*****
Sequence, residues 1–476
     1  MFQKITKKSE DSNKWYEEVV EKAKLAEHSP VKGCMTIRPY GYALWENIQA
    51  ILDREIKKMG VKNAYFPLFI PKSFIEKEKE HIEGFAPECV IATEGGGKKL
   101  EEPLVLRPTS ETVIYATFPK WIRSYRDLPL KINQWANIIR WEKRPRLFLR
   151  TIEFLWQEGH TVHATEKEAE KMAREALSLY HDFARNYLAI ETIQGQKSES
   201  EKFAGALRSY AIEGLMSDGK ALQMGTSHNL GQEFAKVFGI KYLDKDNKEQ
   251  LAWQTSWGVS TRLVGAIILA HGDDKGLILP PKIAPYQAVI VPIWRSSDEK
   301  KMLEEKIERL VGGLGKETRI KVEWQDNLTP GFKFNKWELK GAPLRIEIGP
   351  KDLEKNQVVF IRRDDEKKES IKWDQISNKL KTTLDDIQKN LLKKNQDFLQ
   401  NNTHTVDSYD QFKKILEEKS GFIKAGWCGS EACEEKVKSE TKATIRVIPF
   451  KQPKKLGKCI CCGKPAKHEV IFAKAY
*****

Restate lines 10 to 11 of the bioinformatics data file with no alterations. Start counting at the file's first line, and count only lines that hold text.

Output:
   401  NNTHTVDSYD QFKKILEEKS GFIKAGWCGS EACEEKVKSE TKATIRVIPF
   451  KQPKKLGKCI CCGKPAKHEV IFAKAY